Employer Not Obliged to Pay for Untaken Flexi-hours on Termination


3 mins

Posted on 05 Feb 2014

A tribunal should not have implied a term into a dismissed employee’s employment contract that he was entitled to be paid for unused flexi-hours which had accrued at termination. 

In Vision Events (UK) Ltd v Paterson, P participated in a flexi-hours scheme under which if he worked more than his contracted 45 hours per week, he became entitled to time off in lieu. P was made redundant and at dismissal had accrued 1042.84 hours of flexi-time and sought payment for them. His employer offered to pay half but P rejected the offer and brought an unlawful deduction from wages claim. 

There was nothing in the employment contract or employee handbook stating how untaken flexi-hours would be dealt with on termination. However, the tribunal did not think that P should forfeit the flexi-hours without being paid for them, or that he could be required to take them during his seven week notice period. It therefore implied a term into his contract that payment would be made for the accrued flexi-hours and ordered the employer to pay £12,514.

The employer appealed and the EAT upheld the appeal. An implied term was not necessary for business efficacy i.e. to make the contract work, and it was clearly not a term both parties believed should be implied as they would not have said that such a term was agreed between them.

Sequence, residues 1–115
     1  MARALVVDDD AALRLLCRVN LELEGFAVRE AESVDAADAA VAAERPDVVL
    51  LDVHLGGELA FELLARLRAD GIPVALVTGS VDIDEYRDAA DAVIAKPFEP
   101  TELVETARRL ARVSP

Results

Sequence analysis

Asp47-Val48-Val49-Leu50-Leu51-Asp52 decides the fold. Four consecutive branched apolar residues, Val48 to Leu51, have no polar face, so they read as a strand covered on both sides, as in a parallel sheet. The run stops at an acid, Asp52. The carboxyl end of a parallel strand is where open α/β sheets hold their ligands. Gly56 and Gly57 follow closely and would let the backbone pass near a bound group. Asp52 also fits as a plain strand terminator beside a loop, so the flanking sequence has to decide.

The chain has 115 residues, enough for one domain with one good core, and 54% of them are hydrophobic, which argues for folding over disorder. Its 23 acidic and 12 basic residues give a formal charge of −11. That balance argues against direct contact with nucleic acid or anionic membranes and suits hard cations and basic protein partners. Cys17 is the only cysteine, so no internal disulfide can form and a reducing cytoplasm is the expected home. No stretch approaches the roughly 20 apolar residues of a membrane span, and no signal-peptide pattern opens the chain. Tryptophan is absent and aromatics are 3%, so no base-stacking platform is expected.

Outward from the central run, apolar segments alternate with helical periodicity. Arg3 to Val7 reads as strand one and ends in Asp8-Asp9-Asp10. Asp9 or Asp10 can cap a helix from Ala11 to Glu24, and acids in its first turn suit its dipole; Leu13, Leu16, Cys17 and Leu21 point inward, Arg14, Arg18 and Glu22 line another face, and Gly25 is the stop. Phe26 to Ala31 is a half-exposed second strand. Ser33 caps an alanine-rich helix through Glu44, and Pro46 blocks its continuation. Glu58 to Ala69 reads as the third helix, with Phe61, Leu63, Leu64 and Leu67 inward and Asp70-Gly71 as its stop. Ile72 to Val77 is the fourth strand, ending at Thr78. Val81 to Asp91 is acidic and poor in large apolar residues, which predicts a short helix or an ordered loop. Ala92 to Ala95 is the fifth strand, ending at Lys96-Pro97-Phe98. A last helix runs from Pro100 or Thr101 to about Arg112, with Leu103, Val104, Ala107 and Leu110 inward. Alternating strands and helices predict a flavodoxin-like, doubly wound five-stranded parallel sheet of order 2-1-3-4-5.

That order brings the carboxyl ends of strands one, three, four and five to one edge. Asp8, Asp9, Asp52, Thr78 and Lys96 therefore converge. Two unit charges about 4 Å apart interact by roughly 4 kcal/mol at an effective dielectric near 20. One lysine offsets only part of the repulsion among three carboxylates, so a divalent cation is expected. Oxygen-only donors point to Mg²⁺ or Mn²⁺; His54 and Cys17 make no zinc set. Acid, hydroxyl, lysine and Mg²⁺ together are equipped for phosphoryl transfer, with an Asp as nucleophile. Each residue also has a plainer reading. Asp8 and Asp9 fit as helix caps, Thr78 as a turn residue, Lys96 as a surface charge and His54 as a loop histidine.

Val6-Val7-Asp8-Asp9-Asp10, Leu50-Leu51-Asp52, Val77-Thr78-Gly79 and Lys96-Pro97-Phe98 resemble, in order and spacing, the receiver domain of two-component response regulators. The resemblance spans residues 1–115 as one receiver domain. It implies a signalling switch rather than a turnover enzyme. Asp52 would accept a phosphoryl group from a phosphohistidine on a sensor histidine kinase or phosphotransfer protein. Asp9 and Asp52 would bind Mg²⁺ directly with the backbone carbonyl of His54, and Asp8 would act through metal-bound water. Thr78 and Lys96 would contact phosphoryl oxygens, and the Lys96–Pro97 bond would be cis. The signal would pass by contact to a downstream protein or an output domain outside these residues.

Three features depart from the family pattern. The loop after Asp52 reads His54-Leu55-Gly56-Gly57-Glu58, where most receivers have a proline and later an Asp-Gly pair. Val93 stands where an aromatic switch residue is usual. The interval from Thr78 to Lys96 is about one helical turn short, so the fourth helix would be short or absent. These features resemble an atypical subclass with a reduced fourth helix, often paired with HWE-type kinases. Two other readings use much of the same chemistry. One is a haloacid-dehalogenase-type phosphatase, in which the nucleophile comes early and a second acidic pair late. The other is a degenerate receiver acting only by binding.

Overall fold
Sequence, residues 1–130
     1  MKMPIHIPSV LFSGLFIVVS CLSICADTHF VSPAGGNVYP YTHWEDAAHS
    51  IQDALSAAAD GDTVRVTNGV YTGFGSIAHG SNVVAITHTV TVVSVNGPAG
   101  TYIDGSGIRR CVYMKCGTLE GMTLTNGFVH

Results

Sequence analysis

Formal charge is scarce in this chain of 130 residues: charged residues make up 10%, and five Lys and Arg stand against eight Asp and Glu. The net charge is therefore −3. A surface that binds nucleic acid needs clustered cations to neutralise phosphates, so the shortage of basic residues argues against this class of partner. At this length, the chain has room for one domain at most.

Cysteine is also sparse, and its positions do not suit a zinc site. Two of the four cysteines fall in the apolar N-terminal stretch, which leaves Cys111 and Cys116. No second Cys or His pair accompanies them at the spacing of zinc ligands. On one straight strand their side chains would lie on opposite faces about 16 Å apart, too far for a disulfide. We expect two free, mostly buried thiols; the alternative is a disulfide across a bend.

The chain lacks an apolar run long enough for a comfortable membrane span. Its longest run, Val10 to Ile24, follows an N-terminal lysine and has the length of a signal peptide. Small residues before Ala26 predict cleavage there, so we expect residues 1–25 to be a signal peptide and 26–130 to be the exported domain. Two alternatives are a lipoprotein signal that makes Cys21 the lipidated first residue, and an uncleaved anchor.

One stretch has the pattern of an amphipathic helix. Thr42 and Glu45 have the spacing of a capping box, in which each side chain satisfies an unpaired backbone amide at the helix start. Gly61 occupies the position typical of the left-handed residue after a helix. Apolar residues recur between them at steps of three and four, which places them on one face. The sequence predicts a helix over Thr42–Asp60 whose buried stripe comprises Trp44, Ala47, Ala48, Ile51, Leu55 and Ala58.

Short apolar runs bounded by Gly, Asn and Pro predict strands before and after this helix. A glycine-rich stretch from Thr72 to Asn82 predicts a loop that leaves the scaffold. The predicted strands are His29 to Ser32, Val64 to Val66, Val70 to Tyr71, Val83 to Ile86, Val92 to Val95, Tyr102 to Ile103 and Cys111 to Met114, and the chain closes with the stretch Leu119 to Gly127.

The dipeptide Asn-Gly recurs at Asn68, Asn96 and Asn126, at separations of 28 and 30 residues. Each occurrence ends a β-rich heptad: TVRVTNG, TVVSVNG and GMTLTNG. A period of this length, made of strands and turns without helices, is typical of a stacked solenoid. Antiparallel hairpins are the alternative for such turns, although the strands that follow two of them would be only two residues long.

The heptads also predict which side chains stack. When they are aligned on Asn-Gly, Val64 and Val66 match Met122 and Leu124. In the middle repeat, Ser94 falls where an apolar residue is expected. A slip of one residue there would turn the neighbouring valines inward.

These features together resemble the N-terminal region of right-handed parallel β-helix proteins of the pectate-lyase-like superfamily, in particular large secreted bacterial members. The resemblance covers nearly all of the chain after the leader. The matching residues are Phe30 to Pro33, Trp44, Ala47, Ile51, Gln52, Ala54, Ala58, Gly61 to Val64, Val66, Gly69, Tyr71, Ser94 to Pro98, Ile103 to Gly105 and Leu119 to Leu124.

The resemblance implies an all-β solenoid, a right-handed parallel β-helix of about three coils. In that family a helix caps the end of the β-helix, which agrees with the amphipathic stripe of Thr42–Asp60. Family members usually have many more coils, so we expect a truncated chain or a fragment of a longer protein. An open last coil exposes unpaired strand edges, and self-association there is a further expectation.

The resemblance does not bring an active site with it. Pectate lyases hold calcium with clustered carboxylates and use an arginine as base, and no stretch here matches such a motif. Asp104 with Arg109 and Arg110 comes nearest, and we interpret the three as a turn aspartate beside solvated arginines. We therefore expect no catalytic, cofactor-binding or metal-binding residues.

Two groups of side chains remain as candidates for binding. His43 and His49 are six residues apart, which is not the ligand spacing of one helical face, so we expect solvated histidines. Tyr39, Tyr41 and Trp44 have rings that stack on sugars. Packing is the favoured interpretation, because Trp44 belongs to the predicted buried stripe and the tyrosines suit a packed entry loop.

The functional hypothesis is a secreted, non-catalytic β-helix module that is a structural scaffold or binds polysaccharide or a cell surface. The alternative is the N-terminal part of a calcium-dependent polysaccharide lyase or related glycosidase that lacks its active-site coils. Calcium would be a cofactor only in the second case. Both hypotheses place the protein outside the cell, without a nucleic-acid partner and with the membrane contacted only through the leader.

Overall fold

The EAT also held that the employer had been entitled to require P to use up the flexi-hours during his notice period. The employer was contractually entitled to direct the time when those hours should be used, and this did not conflict with its obligation to pay P in full for his notice period in accordance with its statutory obligations.

Employers should review their flexi-time policies and make sure that their policy makes it clear what happens to unused flexi-time on termination. Will it be paid in lieu or will employees be required to use up the hours during the notice period? It would also be sensible to put a limit on the number of flexi-time hours that can be accrued. The employee in this case had accrued in excess of 1000 hours, meaning that even if used the flexi-hours during the whole of his seven week notice period there would still have been over 700 unused hours. Although the EAT found in the employer’s favour in the end, the cost of the litigation could have been avoided if the policy had dealt with the position expressly.

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